Thursday, December 27, 2012

The Theology of St. John the Apostle and Evangelist

In order to be able to write an article about the theology of John the Evangelist, I should read at least a small part of the very huge theological literature written about this marvelous man, traditionally also known as the beloved apprentice, the theologian of love or, more popular, Saint John the Theologian. In the following I must confess I have not read so much about this saint. Except the fourth Gospel, the three epistles and the Apocalypse, I can count some introductions to these biblical books, some general commentaries to the New Testament, some encyclopedic articles and a few other articles on the topic. I may add here the Life of Saint John the Evangelist, as it appears in the collections of the lives of the saints, according to the Orthodox tradition. That means this article cannot pretend to be more than a simple essay.
There is a special thing to mention about the name of the saint. At least the Eastern Church has not so many saints bearing the title of “The theologian”. In fact, there are only three examples: John, traditionally the author of the biblical books already named above, St. Gregory of Nazianzus (329–390), retired archbishop of Constantinople during the second ecumenical Council (381) and author of the well-known “Five theological speeches” against the arianists, and Symeon “The New Theologian” (949–1022), a monk from Stoudion, the famous elite monastery in Constantinople. There is to be noted that the former one was first named as “new theologian” only in mockery for his style of writing and his mysticism, which was not quite well seen at his time.
Another Theologian: St. Gregory of Nazianzus

What is common to these three Theologians of the Church is their special connection to the Person and activity of Our Lord Jesus Christ. John wrote exceptionally about the God of love, Who has incarnated himself and came in the world in order to save his beloved human beings from death and corruption. Gregory came in Constantinople as a more symbolical bishop of the Nicaean community, which resumed at that time to a single-group meeting in the Chapel of the Anastasis, all the others Christians of the capital city (arianists) denying Jesus Christ as God and co-substantial with the Father. Traditionally, Gregory spoke about Jesus Christ in such a way, that at the end of his office (which lasted about only 3 years!) it remained in Constantinople only one arianist community, the others accepting the truth of the Orthodox faith, which prevailed after the second ecumenical Council. Symeon wrote some treatises about the divine light and, against the rationalist trend of his age, he promoted a Jesus of the hearts, instead of speaking in the philosophical way about the divine Word of Life.
the new Theologian, St. Symeon
Let’s remain focused on John, “one of the disciples, whom Jesus loved” (John 13,23). Today there are also a lot of doubts about the fact that this disciple is one and the same person with the author of the Gospel traditionally put onto his name. The fact that the original Greek manuscripts attested the gospel as “according to John”, but saying nothing about his quality (disciple, apostle, presbyter, etc…), made some modern commentators to doubt that this is John the Apostle, son of Zebedee. The number of the arguments for this doubt grows every year, but I don’t intend to make from that the theme of my essay. The doubts are even bigger in what concerns the epistles, but his paternity on the Apocalypse is almost generally denied in the Western Churches, mostly in the scholar circles. In this situation it would be hard to remain with something from the disciple who assisted, as the only one remaining, to the Crucifixion of his Master (John 19,26: he is once more named as “the disciple standing by, whom he loved”) and probably to the burial, also one of the first to known, together with Peter, about the empty Tomb (John 20, 2: here he is “the other disciple, whom Jesus loved”; John 20,8). But I don’t share this opinion, because of some reasons which may appear subjective.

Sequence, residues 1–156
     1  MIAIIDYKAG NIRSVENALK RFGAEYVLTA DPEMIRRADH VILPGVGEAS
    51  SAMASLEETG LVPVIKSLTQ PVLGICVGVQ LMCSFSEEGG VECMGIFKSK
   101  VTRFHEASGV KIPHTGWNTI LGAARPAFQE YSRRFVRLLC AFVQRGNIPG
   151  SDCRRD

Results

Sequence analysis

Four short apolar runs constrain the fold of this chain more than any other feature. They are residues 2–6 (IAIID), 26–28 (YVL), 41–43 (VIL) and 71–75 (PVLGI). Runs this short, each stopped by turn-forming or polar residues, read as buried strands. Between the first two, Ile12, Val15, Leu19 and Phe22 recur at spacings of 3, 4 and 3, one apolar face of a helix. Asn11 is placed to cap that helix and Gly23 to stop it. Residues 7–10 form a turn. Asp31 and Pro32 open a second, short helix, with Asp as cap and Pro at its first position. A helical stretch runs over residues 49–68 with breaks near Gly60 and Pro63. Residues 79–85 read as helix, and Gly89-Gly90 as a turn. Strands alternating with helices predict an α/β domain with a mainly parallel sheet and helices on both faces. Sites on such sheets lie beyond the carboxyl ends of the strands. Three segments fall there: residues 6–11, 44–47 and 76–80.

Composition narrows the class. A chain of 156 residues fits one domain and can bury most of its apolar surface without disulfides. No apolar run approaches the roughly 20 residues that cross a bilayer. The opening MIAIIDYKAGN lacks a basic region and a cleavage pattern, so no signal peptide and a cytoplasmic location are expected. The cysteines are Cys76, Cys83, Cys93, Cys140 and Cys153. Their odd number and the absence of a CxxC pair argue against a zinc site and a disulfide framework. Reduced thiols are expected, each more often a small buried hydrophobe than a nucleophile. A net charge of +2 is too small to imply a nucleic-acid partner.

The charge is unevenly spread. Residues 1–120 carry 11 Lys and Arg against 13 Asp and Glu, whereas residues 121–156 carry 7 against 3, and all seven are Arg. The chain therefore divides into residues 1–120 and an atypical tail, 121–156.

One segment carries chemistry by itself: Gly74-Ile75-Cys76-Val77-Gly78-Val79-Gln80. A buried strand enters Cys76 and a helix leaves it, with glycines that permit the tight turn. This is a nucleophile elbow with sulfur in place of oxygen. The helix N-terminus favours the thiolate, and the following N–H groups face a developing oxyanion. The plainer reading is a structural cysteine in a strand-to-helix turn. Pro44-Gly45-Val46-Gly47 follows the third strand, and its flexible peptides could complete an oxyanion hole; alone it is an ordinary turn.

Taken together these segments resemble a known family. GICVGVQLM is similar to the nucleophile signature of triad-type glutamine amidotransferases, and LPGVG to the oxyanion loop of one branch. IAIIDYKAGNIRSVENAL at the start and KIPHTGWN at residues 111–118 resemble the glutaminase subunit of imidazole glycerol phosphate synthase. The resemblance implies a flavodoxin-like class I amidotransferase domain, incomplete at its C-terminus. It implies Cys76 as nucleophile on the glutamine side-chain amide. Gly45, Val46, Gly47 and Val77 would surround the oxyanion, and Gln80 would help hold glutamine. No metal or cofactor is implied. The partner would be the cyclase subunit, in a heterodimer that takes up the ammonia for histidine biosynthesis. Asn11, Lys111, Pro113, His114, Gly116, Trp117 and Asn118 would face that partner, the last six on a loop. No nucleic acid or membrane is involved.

The Gospel

The author of the fourth Gospel wrote the well-known Prologue, the one starting with the words: “In the beginning was the Word, and the Word was with God, and the Word was God…All things were made by him; and without him was nothing made that was made.”, an incredible parallel to the Book of Genesis, “In the beginning God created the heaven and the earth…” (Gen. 1,1). Matter fact, the author of the Gospel rewrites the Genesis or, better said, he completes the text in the way the Jewish Rabbis used to write commentaries known as Midrashim and Targumim. The fourth Gospel intends to say, since the beginning, that Jesus Christ is not only the expected Messiah, but the Word of God, co-substantial with God and a-temporal, a-spatial as His Father, the Almighty. The Word of God is the One in whom there is “life”, and this life is “the light of men” (1, 4), which “shines in darkness”, impossible to be drowned into the darkness (1,5) and the one who “lighteth every man that came into the world” (1,9). This complex description of the divine Logos beyond the all created, but not stranger from them, reveals a profound theologian who knew deeply what meant for him and for the all humankind the knowledge of God, knowledge beyond reason. I wonder who could understand so good the deepness of God - who reveals himself in the world in the light inside every human being – if not the “the disciple whom Jesus loved”, whom Jesus might have shared such a mysterious teaching about a crazy God who decided to die for his humans? The author of the Gospel is one of the – probably not so many, at least at the beginning – ones who received him, and to whom the divine Word “gave them the power to become the sons of God, even to them that believe on his name: Which were born, not of blood, nor of the will of the flesh, nor of the will of man, but of God” (John 1,12-13).